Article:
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What are your subcontracting policies?

This page is specifically addressed to contracting houses. If you are a contracting agency, there are several important policies that you need to be aware of if you want to approach me about a contract position. Please read this entire section carefully before contacting me with any project details.

Traditionally, contracting houses have viewed contractors as their employees, when the actual nature of the relationship is really that the contracting house is more of an agent acting on behalf of the contractor. These policies are written in that spirit.

Overview

Payment Disclosure: As my agent, your contracting agency negotiates fees on my behalf. The final decision on the rates appropriately belongs in my hands, as the service provider, and, of course, an equitable sharing of the billing must also be agreed upon between us. Both conditions require full disclosure of the amount being paid, by the client, for my services.

Direct Contracting With Past Clients: I reserve the right to contract directly with past clients, even if an outside agency happens to make me aware of a new writing requirement of which I was unaware.

Contract Negotiations: I take legal matters seriously. Just as you took the time and effort to prepare your contracts carefully, I take the time to review them. Please be prepared to negotiate the fine points.

Work Schedule: I work flexible hours, and when possible, part-time hours. On weekdays, I typically do not work between 3:30 pm and 8 pm Eastern time (GMT -5).

Owner-To-Owner Contact: It's important that I know I can have direct contact with the owner of your business—or, if you are a very large contracting house, then at least a senior-level principal—should important issues arise.

Because these terms are unusual, they merit further discussion. What follows is partly in the spirit of simple clarification, but also constitutes a discussion of some issues in business ethics as I view them.

  1. Full Payment Disclosure

    Any time I provide writing services, my primary business relationship is with the end-client (but we'll just say "the client", for short) to whom I provide the services. As such, it is appropriate that I determine the fees that I will accept for the job. While I do have a "typical" billing rate, I reserve the option to charge higher fees if I judge that my particular qualifications and background are especially suited to the client's needs. On the other hand, to get a foot in the door, I may occasionally agree to lower my rates, on a short-term basis, to establish an initial relationship.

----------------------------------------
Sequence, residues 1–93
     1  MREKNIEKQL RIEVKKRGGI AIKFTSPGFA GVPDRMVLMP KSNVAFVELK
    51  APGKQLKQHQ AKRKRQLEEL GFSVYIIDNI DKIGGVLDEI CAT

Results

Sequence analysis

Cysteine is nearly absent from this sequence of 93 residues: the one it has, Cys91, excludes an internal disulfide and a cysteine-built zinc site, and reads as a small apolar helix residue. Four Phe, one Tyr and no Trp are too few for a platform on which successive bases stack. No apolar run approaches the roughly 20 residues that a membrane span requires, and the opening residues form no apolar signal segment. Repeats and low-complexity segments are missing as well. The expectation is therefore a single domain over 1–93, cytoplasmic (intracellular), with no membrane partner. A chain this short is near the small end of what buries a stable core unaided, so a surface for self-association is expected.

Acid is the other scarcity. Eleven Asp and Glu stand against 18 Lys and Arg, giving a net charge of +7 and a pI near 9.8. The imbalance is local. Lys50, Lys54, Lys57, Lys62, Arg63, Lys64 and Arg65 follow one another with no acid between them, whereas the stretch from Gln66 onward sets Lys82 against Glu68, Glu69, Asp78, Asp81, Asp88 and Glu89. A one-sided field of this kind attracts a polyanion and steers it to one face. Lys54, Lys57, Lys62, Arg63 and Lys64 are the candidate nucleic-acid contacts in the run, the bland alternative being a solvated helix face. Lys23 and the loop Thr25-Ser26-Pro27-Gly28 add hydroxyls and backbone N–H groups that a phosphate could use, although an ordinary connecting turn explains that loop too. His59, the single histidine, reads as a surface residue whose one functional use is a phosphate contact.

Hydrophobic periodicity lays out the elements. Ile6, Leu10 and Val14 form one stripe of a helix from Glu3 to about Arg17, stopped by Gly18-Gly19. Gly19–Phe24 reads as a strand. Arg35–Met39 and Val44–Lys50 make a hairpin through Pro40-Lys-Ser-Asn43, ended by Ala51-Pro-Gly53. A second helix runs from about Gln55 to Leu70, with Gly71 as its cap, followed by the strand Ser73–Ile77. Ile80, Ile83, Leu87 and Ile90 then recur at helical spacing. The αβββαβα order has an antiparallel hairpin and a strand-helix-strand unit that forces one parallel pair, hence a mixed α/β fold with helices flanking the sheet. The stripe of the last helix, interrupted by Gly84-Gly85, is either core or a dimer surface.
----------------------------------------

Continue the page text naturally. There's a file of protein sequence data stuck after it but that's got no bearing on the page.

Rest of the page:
Either way, it's obviously essential that I know the fees being paid by the client. Further, of the total payment made by the client, the distribution of that payment between your agency and myself needs to be fair and equitable. The amount of your percentage can be negotiated, but, once again, full disclosure is essential. In the spirit of "Trust, but verify," it is appropriate that I be able to verify this amount directly with the client.

    • I am not trying to dictate, but negotiate. From my point of view, any fees paid for my services are not the broker's privileged information, they are reasonably our shared business information. I'm the one doing the work!
    • You may prefer that I state what I consider a satisfactory fee for my services, and any amount billed on top of that is not my concern. But in fact, the definition of a "satisfactory fee" is always contingent on what a client is willing to pay for a given job — and for a given contractor. Consider other fields, such as sports, film, or publishing. If an athlete/actor/author gets $100,000, the agent gets some fixed percent (10% or 20%, whatever it may be). If the athlete/actor/author proves to be exceptionally talented, and the sports team or film company is suddenly willing to pay $1,000,000 for the same person and their skills, would it really be fair for the agent to walk away with $910,000, and the person actually doing the work to only get $90,000? Viewed in this light, it's pretty preposterous. The talent still gets 80% or 90% of the total, and the agent gets the remainder.

    You provide a service by finding the contract in the first place and bringing it to my attention, and by introducing me to the ultimate end-client. However, once that job is done, your services are essentially completed, apart from the routine paperwork of handling payroll. As such, the kind of markups made by some contracting agencies—reportedly anywhere from 50% to 100% (or even more) on top of what I make per hour—are patently unfair. This is why full disclosure is necessary.

  2. Negotiability Of Our Contract

    In the past, I have encountered various contractual issues. You have a right to have reasonable non-compete clauses, confidentiality clauses, and other fairly standard "boilerplate" paragraphs in your contract. However, these clauses must not be overly-broad, or irrationally restrictive or intrusive. Some specific issues that have come up in the past: